Breast Cancer Metastases Based on Molecular Subtypes at RSUD Dr. H. Abdul Moeloek Lampung

Authors

  • Nurmayeni Department of Obstetrics and Gynecology, Faculty of Medicine, University of Lampung, Bandar Lampung, Indonesia, Indonesia
  • Nurul Islamy Department of Obstetrics and Gynecology, Faculty of Medicine, University of Lampung, Bandar Lampung, Indonesia, Indonesia
  • Agustyas Tjiptaningrum Clinical Pathology Department, Faculty of Medicine, University of Lampung, Bandar Lampung, Indonesia, Indonesia
  • Bintang Abadi Siregar Department of Surgery, Faculty of Medicine, University of Lampung/RSUD Dr. H. Abdul Moeloek Bandar Lampung, Indonesia, Indonesia
  • Aditya Kusumaningtyas Department of Surgery, Faculty of Medicine, University of Lampung/RSUD Dr. H. Abdul Moeloek Bandar Lampung, Indonesia, Indonesia
  • Indri Windarti Fakultas Kedokteran Unila, Indonesia

DOI:

https://doi.org/10.36408/mhjcm.v10i3.904

Keywords:

breast cancer, molecular subtypes, metastases

Abstract

BACKGROUND:Breast cancer is the most common cancer in Indonesia and is a leading cause of cancer-related deaths in the country. Metastases are responsible for most deaths among breast cancer patients. Breast cancer is typically classified into four subtypes based on immunohistochemistry: luminal A, luminal B, HER2+, and TNBC.

OBJECTIVE:To determine the association between the metastatic pattern of breast cancer and their molecular subtypes at RSUD Dr. H. Abdul Moeloek Lampung.

METHOD:This study was an observational analytic study with a cross-sectional design. The sample comprised 81 individuals who had suffered from breast cancer and were recorded in the medical records section of RSUD Dr. H. Abdul Moeloek Lampung between 2013 – 2021 and met the inclusion and exclusion criteria. The association between breast cancer subtypes and the incidence and metastase sites were tested using the Chi-Square test.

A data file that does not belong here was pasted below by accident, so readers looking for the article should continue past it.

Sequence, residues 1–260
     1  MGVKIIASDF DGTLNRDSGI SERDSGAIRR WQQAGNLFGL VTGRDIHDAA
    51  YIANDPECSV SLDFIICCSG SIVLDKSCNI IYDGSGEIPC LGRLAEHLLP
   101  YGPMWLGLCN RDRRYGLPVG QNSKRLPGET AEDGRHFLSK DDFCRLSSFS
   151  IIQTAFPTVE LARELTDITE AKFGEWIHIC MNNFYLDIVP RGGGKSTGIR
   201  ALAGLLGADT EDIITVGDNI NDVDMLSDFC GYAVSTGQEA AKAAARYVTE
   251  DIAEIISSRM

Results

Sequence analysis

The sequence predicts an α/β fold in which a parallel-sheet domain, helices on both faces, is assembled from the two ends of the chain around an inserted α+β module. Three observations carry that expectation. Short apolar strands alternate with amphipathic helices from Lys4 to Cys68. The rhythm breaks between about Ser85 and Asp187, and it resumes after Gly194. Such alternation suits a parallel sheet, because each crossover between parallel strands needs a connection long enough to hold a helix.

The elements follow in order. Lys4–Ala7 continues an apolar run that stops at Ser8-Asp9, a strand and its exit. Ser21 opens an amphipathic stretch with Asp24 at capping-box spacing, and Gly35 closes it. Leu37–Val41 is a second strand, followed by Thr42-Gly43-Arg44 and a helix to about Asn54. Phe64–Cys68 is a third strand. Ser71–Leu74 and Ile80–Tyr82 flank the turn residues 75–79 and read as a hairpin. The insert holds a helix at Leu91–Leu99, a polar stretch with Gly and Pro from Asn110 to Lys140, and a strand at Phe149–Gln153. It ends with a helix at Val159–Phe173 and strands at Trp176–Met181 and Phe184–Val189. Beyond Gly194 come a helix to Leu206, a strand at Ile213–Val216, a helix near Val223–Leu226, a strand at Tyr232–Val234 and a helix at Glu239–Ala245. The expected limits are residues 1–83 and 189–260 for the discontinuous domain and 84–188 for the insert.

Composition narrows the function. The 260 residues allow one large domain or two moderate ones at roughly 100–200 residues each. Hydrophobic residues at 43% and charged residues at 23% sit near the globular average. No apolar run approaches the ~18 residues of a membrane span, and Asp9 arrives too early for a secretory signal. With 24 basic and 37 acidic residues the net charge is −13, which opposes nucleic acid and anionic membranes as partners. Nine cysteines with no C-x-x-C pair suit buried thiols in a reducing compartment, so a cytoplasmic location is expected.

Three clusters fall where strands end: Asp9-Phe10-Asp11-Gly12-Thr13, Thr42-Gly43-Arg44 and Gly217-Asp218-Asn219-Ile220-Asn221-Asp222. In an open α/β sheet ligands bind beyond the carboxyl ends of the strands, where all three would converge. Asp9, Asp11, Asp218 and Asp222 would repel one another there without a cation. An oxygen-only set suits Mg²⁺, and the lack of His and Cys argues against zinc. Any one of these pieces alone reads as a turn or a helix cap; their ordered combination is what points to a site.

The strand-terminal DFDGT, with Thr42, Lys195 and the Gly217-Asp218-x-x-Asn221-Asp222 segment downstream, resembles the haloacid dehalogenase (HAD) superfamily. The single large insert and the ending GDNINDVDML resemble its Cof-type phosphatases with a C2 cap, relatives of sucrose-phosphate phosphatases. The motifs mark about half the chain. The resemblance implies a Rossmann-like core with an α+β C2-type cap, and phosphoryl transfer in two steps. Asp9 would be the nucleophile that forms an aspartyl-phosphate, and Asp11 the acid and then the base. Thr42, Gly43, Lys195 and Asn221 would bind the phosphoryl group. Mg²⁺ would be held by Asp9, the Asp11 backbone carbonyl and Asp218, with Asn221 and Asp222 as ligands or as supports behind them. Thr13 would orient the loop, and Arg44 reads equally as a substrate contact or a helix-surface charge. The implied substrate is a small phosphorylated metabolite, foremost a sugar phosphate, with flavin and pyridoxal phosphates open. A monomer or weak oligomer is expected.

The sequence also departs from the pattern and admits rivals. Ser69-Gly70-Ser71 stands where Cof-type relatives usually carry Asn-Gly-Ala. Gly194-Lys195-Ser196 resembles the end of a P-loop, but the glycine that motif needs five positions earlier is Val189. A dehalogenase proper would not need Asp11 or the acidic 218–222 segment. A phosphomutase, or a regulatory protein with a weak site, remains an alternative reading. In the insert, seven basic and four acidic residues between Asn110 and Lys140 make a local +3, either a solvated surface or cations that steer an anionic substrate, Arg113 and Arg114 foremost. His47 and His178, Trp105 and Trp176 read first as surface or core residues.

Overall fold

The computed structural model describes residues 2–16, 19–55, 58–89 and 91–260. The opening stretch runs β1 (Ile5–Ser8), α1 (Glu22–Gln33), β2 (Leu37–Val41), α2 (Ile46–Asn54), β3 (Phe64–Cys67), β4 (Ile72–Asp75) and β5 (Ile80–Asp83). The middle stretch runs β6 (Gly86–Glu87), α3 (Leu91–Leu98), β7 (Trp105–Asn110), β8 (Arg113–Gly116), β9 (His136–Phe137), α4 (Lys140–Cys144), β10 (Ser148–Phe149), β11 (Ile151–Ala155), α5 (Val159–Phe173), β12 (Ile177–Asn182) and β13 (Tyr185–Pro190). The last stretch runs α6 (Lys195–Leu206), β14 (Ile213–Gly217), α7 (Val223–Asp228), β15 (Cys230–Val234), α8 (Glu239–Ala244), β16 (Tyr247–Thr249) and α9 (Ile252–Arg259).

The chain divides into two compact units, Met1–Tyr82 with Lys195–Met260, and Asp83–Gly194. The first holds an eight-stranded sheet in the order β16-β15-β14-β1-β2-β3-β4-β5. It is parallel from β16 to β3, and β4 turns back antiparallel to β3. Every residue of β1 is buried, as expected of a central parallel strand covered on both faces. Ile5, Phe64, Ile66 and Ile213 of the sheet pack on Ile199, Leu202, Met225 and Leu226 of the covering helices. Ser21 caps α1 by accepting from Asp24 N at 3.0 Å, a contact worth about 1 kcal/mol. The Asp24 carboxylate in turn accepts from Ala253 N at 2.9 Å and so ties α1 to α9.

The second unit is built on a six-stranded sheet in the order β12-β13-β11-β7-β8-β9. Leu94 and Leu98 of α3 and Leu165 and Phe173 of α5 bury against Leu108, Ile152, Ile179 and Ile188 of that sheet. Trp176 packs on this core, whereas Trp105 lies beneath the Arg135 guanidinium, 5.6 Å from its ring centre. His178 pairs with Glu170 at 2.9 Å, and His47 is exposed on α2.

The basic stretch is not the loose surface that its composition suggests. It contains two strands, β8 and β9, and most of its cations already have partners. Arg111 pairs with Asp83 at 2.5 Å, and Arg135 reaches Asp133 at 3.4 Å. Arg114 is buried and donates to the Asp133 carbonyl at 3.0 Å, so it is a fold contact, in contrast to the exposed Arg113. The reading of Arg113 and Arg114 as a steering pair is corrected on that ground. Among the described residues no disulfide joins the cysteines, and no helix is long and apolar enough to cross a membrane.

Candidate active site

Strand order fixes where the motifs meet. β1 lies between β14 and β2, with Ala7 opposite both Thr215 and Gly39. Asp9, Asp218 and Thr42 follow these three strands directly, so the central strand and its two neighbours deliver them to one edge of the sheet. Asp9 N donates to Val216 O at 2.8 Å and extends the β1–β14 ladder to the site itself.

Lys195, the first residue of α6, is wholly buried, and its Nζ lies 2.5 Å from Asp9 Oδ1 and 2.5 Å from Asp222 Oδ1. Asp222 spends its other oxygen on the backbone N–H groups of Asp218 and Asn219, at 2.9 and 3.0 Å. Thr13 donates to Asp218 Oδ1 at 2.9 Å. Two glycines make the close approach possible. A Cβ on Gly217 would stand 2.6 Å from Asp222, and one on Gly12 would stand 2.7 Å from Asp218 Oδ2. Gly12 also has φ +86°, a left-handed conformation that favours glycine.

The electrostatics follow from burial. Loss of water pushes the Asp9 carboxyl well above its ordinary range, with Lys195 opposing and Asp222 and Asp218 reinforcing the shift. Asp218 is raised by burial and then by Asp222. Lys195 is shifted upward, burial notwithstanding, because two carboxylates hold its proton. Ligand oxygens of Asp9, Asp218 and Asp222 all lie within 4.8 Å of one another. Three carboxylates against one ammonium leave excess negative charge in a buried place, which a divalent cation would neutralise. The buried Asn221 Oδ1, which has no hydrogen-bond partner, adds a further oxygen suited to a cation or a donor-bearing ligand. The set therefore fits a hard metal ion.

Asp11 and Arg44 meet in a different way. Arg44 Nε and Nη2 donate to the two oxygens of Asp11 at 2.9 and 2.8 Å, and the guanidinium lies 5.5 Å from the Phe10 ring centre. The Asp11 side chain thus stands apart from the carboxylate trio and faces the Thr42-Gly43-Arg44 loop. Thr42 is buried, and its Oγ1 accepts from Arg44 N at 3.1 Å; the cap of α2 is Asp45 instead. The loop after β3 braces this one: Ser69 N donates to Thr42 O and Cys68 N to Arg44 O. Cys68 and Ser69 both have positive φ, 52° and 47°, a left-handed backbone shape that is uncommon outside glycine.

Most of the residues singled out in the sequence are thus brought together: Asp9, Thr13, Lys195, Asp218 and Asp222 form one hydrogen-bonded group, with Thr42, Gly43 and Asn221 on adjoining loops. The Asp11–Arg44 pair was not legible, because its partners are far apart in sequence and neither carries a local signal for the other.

RESULT:This study found a significant association between breast cancer subtypes and the incidence of metastases (p <0.05). The TNBC subtype had a more frequent rate of metastases (34.5%) than the other subtypes (31% luminal B, 20.7% luminal A, and HER2+ 13.8%). The study also revealed a relationship between ER status and the incidence of metastases (p < 0.05). The luminal A subtype tends to metastasize to the liver, luminal B tends to metastasize to the bone, HER2+ tends to metastasize to the lung and liver, and TNBC tends to metastasize to the lung. However, no significant association was found between breast cancer subtypes and metastatic sites.

CONCLUSION:There was a significant association between breast cancer subtypes and the incidence of metastases, but not with the metastatic sites.